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“Is it better to gauge a diet by percentages (e.g., 40% carbs, 30% fat, 30% protein) or to gauge by the amount of each item I intake (e.g., 51g fat, 234g carbs, 39g protein)?”
- –Bradley Gauvin, via Facebook
If you’re overconsuming calories, it doesn’t matter if you’re following a magic ratio — you’re probably going to put on weight. (On the flip side, if you’re undereating, it is very difficult to put on muscle.) Either method is effective if the numbers are customized specifically for you, but my preference is to make recommendations in grams since they are simple to track (1 gram of protein or carbs = 4 calories, 1 gram of fat = 9 calories). If I instead tell you to eat 30 percent protein, for example, how much protein you end up consuming can vary dramatically based on the total calories you consume per day.
Here is a simple starting point to get you moving in the right direction. Keep in mind, that this isn’t necessarily a gold standard, fool-proof approach. But it is a simple plan that can help you improve your diet if you’re eating the right foods. I call it “The Rule of 75.”
A major point of metabolic leverage for fat loss or muscle gain is to set protein at a minimum of 0.75 grams per pound of body weight to start. I don’t put a cap this number, so if you want to enjoy another chicken breast, go for it. Just remember, if you eat significantly more protein, you’re going to want to make sure you eat even fewer carbohydrates (see below). Focus on hitting that number about 90 percent of the time and reevaluate your progress in two to four weeks.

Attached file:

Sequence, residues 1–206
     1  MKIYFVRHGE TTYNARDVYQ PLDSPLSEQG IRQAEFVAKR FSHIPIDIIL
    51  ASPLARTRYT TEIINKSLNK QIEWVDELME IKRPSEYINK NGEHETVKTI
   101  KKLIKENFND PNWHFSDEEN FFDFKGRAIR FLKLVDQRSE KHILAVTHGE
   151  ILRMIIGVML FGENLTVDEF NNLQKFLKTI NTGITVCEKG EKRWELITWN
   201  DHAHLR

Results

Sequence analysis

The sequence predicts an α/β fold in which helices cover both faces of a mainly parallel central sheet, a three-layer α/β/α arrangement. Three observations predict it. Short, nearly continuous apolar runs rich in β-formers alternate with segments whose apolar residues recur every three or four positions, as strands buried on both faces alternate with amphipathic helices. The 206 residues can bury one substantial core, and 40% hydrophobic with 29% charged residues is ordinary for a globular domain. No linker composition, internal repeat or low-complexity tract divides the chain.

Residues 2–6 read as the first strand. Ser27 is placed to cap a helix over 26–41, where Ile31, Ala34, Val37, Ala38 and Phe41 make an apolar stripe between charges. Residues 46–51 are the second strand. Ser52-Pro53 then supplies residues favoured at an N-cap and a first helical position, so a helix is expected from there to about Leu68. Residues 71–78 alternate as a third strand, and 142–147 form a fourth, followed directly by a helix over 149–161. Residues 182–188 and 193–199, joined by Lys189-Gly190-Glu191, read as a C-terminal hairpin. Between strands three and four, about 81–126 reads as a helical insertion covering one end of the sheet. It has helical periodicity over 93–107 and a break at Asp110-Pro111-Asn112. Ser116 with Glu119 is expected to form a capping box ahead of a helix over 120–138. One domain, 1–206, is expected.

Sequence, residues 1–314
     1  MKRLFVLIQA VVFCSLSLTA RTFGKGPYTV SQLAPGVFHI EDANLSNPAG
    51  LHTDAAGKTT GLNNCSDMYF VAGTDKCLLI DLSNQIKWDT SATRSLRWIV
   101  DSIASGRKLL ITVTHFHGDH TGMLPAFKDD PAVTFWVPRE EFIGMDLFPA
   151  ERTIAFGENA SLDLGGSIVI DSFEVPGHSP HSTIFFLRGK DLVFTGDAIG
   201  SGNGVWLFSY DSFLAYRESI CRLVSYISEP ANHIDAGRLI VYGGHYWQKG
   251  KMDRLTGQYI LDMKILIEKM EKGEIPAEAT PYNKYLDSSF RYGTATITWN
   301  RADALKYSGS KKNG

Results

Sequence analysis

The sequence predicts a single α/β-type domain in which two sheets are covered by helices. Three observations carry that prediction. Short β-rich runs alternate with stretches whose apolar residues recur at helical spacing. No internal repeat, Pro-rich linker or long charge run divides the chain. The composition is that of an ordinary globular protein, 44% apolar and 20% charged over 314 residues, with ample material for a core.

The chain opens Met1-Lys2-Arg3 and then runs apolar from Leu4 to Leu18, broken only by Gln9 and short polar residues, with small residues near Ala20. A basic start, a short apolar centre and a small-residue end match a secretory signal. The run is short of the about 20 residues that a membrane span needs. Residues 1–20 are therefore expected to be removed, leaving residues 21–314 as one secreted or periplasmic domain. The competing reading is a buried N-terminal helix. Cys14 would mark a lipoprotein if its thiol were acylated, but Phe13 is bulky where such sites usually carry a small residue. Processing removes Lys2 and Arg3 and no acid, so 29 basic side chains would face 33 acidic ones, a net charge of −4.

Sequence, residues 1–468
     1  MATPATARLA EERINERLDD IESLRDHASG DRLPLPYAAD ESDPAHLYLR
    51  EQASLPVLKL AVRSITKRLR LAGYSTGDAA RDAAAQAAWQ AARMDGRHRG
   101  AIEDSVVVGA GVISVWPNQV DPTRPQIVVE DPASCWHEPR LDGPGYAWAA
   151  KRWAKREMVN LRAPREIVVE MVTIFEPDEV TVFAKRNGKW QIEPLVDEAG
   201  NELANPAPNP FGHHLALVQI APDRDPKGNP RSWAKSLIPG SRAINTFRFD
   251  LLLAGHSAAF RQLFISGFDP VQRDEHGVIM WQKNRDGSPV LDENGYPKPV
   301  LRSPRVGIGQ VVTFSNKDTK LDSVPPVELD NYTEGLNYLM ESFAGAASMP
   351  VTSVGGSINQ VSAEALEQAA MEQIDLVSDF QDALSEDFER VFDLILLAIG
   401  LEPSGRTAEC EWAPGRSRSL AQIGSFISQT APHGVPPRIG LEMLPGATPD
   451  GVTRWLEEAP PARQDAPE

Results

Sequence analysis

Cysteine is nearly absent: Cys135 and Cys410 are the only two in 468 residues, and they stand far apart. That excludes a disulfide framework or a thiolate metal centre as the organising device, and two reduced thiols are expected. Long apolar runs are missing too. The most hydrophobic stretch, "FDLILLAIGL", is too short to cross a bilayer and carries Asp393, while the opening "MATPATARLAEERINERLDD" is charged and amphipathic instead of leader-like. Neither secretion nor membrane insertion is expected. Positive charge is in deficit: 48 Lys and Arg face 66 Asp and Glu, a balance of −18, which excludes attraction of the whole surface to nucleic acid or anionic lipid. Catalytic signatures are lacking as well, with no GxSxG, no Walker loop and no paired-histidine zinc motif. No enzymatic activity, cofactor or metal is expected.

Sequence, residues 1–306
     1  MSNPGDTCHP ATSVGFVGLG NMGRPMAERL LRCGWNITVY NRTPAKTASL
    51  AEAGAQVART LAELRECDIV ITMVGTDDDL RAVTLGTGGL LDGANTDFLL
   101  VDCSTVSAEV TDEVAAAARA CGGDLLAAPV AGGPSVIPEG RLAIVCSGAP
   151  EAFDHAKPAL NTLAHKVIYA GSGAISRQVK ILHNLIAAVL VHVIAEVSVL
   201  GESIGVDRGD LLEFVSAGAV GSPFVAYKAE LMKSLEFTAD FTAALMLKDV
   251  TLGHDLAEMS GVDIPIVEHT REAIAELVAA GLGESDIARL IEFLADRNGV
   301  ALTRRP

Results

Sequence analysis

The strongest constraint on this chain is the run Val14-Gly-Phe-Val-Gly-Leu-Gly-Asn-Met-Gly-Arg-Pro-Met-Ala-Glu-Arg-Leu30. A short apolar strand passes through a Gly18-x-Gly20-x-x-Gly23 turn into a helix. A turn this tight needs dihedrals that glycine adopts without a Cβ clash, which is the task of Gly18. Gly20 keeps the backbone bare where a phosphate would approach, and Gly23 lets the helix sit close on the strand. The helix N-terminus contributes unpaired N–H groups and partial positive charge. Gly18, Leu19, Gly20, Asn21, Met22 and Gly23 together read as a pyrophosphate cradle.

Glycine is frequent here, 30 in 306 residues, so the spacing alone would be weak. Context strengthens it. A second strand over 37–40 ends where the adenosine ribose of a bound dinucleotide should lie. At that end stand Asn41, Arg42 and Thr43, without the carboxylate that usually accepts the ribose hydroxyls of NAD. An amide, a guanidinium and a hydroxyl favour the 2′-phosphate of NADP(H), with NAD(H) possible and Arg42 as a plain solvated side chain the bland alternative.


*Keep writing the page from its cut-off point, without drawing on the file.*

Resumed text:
Most people looking to melt their muffin top do better reducing carbohydrates. Maximum is 0.75 grams per pound of bodyweight, so less is better in this case. Carbs that aren’t loaded with sugar are even better. Consume half of your carbs 30 to 90 minutes prior to your workout, and spread the rest throughout the day. Readjust these two numbers (protein minimum and carb maximum) as needed.
Set your fats to 0.75 of your bodyweight. The catch is that fat has 9 calories per gram, so the caloric amount will be different than it was for carbs and protein.
For example, a 200-pound person would break down as follows:
200 x .75 = 150 grams protein at 4 calories/gram = 600 calories
200 x .75 = 150 grams carbs at 4 calories/gram = 600 calories
200 x .75 = 150 grams fat at 9 calories/gram = 1,350 calories
Total: 2,550 calories
This might seem like a lot of fat for most, but remember that eating fat doesn’t necessarily make you fat. And eating a higher percentage of fat can increase satiety, making you feel fuller longer – and less likely to consume too many calories overall.